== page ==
Edited by Klaus Liebscher, Josef Christl, Peter Mooslechner and Doris Ritzberger-Grünwald
Chapter 5: JVI and WTO - Beacons for navigating the waters of transition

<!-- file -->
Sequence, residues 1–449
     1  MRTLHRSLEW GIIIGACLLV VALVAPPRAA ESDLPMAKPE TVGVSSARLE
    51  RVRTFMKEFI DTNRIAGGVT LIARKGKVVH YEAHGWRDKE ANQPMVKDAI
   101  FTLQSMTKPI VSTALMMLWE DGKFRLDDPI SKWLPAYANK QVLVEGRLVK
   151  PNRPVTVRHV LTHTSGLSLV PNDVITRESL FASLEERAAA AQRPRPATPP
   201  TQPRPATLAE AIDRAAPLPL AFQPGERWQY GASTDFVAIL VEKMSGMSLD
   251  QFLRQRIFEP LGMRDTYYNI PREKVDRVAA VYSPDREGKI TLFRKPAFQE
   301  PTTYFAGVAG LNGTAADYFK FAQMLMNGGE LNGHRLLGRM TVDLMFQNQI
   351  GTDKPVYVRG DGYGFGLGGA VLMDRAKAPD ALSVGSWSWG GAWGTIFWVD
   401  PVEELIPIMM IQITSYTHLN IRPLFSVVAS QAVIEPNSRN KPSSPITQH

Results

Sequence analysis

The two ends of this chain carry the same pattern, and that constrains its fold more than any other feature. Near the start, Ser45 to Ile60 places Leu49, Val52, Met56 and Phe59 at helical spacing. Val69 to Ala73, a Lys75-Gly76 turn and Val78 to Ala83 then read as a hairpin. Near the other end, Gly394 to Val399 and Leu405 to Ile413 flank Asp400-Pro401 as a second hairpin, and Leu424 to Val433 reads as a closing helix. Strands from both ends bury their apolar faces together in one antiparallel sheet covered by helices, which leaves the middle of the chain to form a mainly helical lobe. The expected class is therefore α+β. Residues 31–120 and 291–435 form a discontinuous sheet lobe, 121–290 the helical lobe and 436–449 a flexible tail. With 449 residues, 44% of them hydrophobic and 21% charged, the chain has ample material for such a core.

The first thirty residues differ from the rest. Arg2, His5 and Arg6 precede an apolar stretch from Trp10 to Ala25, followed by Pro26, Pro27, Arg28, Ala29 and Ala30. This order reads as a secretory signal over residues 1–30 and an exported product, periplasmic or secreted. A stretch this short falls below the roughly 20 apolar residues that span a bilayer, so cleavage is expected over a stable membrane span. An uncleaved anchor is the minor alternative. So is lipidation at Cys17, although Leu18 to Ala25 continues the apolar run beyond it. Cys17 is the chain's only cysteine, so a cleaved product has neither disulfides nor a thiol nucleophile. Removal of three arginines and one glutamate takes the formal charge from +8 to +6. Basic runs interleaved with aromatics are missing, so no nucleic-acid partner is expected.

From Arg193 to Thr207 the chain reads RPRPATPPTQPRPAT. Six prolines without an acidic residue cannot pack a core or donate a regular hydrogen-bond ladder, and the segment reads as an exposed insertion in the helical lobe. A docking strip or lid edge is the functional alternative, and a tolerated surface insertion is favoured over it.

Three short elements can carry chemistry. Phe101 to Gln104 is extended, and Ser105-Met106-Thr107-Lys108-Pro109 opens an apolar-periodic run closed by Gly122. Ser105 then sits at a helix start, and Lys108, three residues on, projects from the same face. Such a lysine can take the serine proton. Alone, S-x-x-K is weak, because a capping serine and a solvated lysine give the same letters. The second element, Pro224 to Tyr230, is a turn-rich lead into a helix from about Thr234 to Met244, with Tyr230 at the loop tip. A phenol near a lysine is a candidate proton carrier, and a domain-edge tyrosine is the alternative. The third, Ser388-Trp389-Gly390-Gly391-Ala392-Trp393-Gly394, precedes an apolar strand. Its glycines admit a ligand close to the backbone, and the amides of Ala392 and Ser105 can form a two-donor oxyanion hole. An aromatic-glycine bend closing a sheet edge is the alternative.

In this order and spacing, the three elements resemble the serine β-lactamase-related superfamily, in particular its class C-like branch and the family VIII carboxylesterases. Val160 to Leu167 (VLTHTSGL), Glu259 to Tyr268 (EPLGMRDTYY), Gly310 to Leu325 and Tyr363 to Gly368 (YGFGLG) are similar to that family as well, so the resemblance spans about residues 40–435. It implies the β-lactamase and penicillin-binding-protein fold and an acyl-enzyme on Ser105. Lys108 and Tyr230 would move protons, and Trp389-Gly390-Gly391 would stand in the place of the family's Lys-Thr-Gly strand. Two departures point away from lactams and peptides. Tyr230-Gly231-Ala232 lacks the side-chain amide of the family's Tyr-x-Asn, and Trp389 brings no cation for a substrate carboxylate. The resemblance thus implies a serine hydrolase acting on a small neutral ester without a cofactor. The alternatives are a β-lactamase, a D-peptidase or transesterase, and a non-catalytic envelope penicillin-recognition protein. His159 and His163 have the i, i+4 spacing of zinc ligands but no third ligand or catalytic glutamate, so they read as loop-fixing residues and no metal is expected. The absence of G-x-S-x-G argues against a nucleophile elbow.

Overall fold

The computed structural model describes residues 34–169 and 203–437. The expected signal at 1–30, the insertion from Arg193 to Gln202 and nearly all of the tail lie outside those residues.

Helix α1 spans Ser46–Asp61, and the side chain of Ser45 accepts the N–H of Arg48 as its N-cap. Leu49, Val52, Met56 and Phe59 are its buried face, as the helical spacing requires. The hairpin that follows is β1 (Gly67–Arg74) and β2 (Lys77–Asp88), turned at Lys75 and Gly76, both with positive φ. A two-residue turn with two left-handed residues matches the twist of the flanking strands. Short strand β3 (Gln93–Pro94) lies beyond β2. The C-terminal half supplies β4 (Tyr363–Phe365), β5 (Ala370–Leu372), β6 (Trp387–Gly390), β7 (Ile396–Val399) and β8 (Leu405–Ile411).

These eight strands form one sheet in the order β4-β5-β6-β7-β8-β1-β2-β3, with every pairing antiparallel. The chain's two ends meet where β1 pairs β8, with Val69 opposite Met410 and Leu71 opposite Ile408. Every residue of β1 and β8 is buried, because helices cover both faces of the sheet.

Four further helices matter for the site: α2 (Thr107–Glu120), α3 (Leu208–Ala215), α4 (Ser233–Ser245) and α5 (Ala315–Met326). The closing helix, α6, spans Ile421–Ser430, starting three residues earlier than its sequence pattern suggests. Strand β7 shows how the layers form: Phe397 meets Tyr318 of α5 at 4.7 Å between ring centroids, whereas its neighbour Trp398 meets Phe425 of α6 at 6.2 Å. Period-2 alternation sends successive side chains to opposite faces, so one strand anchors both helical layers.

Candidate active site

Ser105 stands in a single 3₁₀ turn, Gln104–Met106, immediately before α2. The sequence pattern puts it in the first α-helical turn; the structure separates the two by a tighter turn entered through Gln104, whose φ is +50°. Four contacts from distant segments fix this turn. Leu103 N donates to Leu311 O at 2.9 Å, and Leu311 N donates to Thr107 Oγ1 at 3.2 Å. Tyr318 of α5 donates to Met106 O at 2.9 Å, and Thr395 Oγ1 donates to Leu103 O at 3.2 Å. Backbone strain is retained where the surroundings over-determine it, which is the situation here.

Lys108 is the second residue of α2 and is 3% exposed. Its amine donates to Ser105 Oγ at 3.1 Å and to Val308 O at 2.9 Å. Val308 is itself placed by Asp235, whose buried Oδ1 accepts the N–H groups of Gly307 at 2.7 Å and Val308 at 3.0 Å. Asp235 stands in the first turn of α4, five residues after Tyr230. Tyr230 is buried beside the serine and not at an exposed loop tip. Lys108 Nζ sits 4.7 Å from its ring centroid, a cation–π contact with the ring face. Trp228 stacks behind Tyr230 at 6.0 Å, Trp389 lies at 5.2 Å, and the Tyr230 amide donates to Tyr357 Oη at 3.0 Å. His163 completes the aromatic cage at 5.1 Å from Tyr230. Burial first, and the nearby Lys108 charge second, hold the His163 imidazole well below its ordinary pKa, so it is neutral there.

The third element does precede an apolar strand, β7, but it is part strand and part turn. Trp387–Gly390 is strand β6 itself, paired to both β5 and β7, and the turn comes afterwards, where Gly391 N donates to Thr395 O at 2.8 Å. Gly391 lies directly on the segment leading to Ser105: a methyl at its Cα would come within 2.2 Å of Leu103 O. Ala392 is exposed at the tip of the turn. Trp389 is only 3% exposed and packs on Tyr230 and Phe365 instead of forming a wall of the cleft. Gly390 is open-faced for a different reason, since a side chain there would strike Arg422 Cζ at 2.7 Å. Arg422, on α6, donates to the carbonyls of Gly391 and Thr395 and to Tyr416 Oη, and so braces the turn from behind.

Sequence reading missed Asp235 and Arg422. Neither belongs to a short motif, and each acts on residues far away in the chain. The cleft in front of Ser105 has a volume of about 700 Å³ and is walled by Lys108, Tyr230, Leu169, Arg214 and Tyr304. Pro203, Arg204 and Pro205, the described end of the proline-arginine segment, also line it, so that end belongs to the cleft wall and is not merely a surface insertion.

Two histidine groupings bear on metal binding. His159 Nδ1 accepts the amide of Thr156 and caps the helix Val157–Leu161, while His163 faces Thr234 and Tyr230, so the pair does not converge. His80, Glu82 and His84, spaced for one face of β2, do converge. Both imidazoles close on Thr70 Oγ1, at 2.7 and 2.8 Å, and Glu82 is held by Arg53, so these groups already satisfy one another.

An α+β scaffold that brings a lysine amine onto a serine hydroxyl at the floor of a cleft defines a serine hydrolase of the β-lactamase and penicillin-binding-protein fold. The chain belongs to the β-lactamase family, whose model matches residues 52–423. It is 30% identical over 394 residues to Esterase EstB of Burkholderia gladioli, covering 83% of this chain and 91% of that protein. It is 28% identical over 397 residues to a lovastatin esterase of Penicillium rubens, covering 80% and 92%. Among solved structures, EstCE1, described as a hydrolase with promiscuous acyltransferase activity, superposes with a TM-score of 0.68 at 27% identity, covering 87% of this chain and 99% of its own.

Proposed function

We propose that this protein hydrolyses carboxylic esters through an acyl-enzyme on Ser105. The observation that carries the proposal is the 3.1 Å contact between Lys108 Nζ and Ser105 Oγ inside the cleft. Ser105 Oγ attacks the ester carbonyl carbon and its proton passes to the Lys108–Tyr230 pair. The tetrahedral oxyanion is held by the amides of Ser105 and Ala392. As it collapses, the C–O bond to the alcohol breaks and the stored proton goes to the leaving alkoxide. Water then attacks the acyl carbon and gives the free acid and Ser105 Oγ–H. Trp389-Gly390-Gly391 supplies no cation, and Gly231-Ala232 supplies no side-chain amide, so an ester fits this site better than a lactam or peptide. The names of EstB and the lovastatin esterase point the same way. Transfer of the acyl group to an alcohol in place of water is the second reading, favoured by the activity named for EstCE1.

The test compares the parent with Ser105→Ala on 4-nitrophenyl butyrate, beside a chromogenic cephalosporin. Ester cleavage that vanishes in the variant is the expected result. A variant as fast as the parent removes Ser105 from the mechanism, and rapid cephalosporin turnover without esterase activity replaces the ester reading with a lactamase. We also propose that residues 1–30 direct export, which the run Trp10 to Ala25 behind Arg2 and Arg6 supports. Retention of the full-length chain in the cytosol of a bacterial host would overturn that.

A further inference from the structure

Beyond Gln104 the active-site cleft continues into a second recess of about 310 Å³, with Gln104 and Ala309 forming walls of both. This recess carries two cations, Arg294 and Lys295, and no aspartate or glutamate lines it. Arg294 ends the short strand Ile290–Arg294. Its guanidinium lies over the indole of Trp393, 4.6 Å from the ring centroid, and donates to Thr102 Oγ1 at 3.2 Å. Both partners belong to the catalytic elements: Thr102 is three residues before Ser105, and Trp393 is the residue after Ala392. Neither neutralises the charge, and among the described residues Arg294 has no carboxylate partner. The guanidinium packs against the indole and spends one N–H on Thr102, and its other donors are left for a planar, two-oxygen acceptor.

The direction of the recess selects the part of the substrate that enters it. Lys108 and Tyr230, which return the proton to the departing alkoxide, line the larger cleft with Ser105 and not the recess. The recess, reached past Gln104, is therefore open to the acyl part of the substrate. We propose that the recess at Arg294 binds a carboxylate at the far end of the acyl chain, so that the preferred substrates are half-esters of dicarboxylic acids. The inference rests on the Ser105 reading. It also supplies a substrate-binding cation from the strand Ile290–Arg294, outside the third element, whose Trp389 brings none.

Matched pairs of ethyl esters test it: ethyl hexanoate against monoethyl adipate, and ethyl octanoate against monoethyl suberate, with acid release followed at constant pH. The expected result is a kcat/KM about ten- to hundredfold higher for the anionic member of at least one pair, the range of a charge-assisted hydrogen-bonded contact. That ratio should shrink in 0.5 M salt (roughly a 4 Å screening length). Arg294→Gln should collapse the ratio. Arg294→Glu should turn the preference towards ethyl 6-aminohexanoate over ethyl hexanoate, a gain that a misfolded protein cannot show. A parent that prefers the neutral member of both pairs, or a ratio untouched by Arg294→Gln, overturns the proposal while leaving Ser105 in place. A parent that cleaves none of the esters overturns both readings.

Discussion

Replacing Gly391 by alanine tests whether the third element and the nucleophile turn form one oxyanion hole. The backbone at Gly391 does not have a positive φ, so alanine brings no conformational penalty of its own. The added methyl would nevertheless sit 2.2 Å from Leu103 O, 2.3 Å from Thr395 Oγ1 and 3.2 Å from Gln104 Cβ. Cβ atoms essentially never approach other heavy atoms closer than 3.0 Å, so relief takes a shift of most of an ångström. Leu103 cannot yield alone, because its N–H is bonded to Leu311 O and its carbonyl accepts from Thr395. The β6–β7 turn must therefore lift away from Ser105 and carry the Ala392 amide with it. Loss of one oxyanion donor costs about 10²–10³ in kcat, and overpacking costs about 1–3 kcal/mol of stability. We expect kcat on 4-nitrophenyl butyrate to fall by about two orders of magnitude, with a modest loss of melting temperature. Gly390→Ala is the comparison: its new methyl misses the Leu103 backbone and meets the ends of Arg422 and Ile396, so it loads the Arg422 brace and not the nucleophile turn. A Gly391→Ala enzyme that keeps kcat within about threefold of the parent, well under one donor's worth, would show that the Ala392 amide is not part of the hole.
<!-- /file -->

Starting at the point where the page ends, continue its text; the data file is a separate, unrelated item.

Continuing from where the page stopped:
5. JVI and WTO – beacons for navigating the waters of transition Valeriy T. Pyatnytskiy1 When Ukraine ﬁrst appeared on the map of Europe in 1991, it was typically referred to as ‘one of the former Soviet Union republics’. Then it was labelled ‘a CIS country’. Only recently has it been recognized as ‘a newly independent country in Eastern Europe’. A similar change in attitudes and values has evolved in the country itself, as has been clearly reﬂected in economic developments, and, most importantly, asserted itself in the hearts and minds of the people of Ukraine. The changing mentality of (ﬁrst and foremost) decision-makers is a signiﬁcant factor of market reform in Ukraine, if not the most signiﬁcant one. And sowing the seeds for such change is basically what training institutions like the Joint Vienna Institute (JVI) – launched in 1992 to provide a forum for the training of oﬃcials from former centrally-planned economies in transition to market-based systems – do for all transition economies. These days Ukraine looks forward to ﬁnally getting involved as a peer in global development processes. In this context, the goal of joining the World Trade Organization (WTO) and the world trading system governed by the WTO is viewed as an extremely important step in the right direction. What is even more important, WTO accession happens to be a kind of beacon for navigating the waters of transition and thus a major prerequisite for the success of our ongoing internal reforms. No matter what...
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